Low-cost, transparent, flexible nanowire hybrid solar cells
A new kind of photovoltaic cell based on sheets of flexible graphene coated with a layer of nanowires have been produced for the first time by MIT researchers, but a caveat is lower efficiency in first examples. The approach holds the promise of low-cost, transparent and flexible solar cells that could be deployed on windows, roofs or other surfaces, and make solar power even more attractive and competetive. Building Integrated Photovoltaic (BIPV) power is already set on a steep growth path, since construction elements with integrated solar cells are not much more expensive than for example ordinary glass elements, but this trend will be amplified by even lower-cost and easier and more flexible to integrate solar cell technologies.
Details about the new approach were just published in a report in the journal Nano Letters, co-authored by MIT postdocs Hyesung Park and Sehoon Chang, associate professor of materials science and engineering Silvija Gradečak, and a team of eight other MIT researchers.
Key advantage of the new technique is substituting rather expensive or rare materials like silicon or indium with cheap carbon. Most of today's solar cells are made of silicon, which is abundant but needs to be highly purified and then made into crystals that are sliced thin, an energy and cost intensive process. Most nanostructured or hybrid solar cells use indium tin oxide (ITO) as a transparent electrode, which is also used for touch screens.
"Currently, ITO is the material of choice for transparent electrodes," Gradečak says, such as in the touch screens now used on smartphones. But the indium used in that compound is expensive, while graphene is made from ubiquitous carbon.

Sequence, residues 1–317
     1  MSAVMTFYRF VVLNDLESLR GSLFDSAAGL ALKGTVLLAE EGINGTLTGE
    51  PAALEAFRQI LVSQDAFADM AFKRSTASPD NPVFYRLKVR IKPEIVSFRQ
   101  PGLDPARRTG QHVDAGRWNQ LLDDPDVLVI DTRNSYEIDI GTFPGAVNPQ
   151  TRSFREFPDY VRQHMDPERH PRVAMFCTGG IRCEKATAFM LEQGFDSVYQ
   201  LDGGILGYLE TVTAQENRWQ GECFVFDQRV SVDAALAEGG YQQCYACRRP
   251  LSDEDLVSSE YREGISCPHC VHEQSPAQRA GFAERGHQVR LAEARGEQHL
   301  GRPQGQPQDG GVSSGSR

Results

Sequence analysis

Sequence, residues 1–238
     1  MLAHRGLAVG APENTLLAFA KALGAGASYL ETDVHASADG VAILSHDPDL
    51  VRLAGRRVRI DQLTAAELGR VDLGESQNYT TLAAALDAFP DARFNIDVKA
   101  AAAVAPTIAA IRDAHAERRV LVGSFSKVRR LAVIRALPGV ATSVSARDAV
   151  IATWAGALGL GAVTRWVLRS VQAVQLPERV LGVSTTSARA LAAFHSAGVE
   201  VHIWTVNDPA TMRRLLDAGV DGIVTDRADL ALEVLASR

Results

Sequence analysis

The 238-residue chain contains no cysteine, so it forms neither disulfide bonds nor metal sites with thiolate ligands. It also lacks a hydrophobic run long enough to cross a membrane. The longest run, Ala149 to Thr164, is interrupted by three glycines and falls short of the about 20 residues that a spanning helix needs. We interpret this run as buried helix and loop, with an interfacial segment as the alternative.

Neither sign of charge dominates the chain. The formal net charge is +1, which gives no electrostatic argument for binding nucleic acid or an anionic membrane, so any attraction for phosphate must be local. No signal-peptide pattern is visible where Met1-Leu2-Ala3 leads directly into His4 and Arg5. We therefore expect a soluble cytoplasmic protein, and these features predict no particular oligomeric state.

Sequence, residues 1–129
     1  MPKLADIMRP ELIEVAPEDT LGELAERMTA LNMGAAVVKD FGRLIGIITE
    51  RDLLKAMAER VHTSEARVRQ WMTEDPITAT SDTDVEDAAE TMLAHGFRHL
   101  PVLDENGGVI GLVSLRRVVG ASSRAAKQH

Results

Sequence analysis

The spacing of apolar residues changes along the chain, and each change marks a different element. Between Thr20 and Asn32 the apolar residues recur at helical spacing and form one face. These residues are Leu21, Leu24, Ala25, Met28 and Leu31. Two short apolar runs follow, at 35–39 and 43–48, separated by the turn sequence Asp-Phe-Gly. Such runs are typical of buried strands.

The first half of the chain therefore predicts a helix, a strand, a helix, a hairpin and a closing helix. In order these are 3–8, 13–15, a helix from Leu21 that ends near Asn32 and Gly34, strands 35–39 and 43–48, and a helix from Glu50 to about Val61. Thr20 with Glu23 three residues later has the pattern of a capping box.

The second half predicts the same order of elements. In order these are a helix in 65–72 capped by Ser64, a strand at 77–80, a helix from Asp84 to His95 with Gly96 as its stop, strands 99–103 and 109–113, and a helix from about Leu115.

Graphene could replace ITO, and even has some more advantages apart from being cheaper: It is flexible, light and chemically robust. To make this possible, the MIT team used a series of polymer coatings to modify the properties of graphene, allowing them to bond a layer of zinc oxide nanowires to it, and then an overlay of a material that responds to light waves.
"We've demonstrated that devices based on graphene have a comparable efficiency to ITO," Silvija Gradečak says - in the case of the quantum-dot overlay, an overall power conversion efficiency of 4.2 percent - less than the efficiency of general purpose silicon cells, and only competitive for specialized applications. "We're the first to demonstrate graphene-nanowire solar cells without sacrificing device performance."
László Forró, a professor at the Ecole Polytechnique Fédérale de Lausanne, in Switzerland, who was not associated with this research, says that the idea of using graphene as a transparent electrode was "in the air already," but had not actually been realized.
"In my opinion this work is a real breakthrough," Forró says. "Excellent work in every respect."
He cautions that "the road is still long to get into real applications, there are many problems to be solved," but adds that "the quality of the research team around this project ... guarantees the success."